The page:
MONEY SAVER: Superannuation 'catch-up' rules are an opportunity to build your nest egg.
MONEY SAVER: Superannuation 'catch-up' rules are an opportunity to build your nest egg. s-c-s

Superannuation catch-up rules a great opportunity

THE new financial year that ends on June 30, 2019 is when the realities of the new super system will really kick in.

One of the best new allowances are enhancements to ''catch-up rules'' which allow you to combine several years' super contributions into a single hit.

Even though you will need to wait until next financial year to begin utilising the unused amounts under the concessional contribution cap, the smartest investors will start taking action now.

Announced in the 2016 federal budget, the catch-up contribution reforms were targeted at four groups of people to give them more flexibility in building their super accounts:

  • Women, as they often have more interrupted work patterns than men due to raising families;
  • Empty nesters: people raising children and paying mortgages may not be able to make additional super contributions until children leave home and the mortgage is paid off;
  • Self-employed: those starting up businesses or with variable, lumpy annual incomes may put nothing in super one year, but then want to max out super contributions in other years;
  • People not working though not classified as unemployed: people who take time out of the workforce to study, look after family or due to physical or mental illnesses.

Under the new rules, any unused amount under the concessional contribution cap can be utilised in a later financial year on a five-year rolling basis. The current pre-tax super cap is $25,000 per year and includes mandatory employer SG payments and salary sacrifice amounts. These contributions attract contributions tax at 15 per cent (plus an extra 15 per cent tax where your income is greater $250,000). Amounts carried forward that have not been used after five years expire.

In theory, a person can now have no pre-tax super contributions for five financial years and then make a $150,000 pre-tax super contribution in the sixth financial year. The government has confirmed the catch-up rules are available for people aged between 65 to 74 who meet the work test.

Although the catch-up rules are targeted at certain groups, all Australians who meet the eligibility criteria can utilise them. The main criteria is that your total super balance must be less than $500,000 at the start of the financial year. The term ''total superannuation balance'' has some technicalities we'll discuss later.

With this in mind, the attractiveness of making after-tax super contributions may have diminished for some, particularly if it pushes the super balance over $500,000, making you ineligible for the carry-forward provisions.

Take a couple in their 50s, each with a $300,000 super balance and still working, sell an investment property with $500,000 net proceeds. If they add $250,000 to each of their super accounts, they'll be prohibited from using the pre-tax catch-up rules. Not an issue if they have the capacity to salary sacrifice up to the caps each year, but it becomes an issue if they would have benefited from being able to accumulate unused pre-tax caps for future years and then, closer to retirement, make larger pre-tax super contributions.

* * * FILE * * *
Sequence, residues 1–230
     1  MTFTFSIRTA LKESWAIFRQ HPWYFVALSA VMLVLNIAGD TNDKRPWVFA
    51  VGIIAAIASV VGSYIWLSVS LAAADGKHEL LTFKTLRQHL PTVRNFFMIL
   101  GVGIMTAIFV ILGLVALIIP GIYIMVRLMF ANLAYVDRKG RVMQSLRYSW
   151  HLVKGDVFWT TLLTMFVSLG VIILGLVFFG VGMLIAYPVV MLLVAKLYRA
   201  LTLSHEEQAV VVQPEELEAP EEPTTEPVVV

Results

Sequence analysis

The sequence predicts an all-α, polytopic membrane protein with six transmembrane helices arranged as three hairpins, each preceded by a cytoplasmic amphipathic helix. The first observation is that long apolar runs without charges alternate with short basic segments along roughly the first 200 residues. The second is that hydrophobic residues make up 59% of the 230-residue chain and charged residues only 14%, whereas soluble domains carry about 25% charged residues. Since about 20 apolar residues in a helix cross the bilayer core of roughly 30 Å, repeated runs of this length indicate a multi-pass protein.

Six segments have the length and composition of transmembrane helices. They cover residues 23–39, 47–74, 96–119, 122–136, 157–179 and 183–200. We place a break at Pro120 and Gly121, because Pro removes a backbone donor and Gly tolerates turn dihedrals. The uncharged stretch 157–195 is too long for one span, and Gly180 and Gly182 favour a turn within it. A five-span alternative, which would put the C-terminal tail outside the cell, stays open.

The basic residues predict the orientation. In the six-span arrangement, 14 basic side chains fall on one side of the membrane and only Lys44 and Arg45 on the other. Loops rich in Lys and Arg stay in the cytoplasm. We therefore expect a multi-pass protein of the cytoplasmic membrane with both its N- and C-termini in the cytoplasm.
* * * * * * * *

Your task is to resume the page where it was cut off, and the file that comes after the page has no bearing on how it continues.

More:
Big chance

Gaming the catch-up rules can lead to an overall tax benefit where a large income or capital gains event is expected to occur in a future financial year.

As this event may push you into a higher marginal tax bracket, by having unused pre-tax super caps available, you could salary-sacrifice all of your accumulated unused pre-tax cap and effectively reduce your taxable income in that year to a lower tax bracket.

In other words, if an event such as selling some shares pushed you into the 47 per cent tax bracket, salary-sacrificing an amount more than $25,000 (by having some catch-up cap available) may drop your taxable income below $180,000 and result in less tax to pay.

In regard to the $500,000 super balance cut-off, it is calculated based on your June 30 super balance of the prior financial year. So for those with close to $500,000 in super, it may work out better to hold off ploughing the maximum $25,000 per year into super, and rather, in the financial year that your employer super contributions and investment returns push you over $500,000 balance, maximise all the unused catch-up cap to maximise salary sacrifice in one last hurrah.

And if you're thinking about being tricky and starting a transition-to-retirement pension to get your super accumulation balance back below $500,000, think again. The $500,000 rule applies to your total super balance, which is calculated on not only the money in your super accumulation account, but also your ATO-calculated transfer balance account. This includes money moved into the retirement phase, such as transition-to-retirement pensions.

James Gerrard is the principal and director of Sydney financial planning firm www.FinancialAdvisor.com.au


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